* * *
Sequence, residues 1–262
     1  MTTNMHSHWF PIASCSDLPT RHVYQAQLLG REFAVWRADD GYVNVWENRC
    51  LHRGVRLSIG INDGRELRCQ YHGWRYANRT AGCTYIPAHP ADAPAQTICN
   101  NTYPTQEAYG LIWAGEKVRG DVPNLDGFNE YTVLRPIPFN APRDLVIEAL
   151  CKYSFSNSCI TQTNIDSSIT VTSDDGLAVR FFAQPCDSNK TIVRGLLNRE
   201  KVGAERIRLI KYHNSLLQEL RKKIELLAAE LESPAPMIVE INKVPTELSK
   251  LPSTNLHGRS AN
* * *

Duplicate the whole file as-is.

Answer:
Sequence, residues 1–262
     1  MTTNMHSHWF PIASCSDLPT RHVYQAQLLG REFAVWRADD GYVNVWENRC
    51  LHRGVRLSIG INDGRELRCQ YHGWRYANRT AGCTYIPAHP ADAPAQTICN
   101  NTYPTQEAYG LIWAGEKVRG DVPNLDGFNE YTVLRPIPFN APRDLVIEAL
   151  CKYSFSNSCI TQTNIDSSIT VTSDDGLAVR FFAQPCDSNK TIVRGLLNRE
   201  KVGAERIRLI KYHNSLLQEL RKKIELLAAE LESPAPMIVE INKVPTELSK
   251  LPSTNLHGRS AN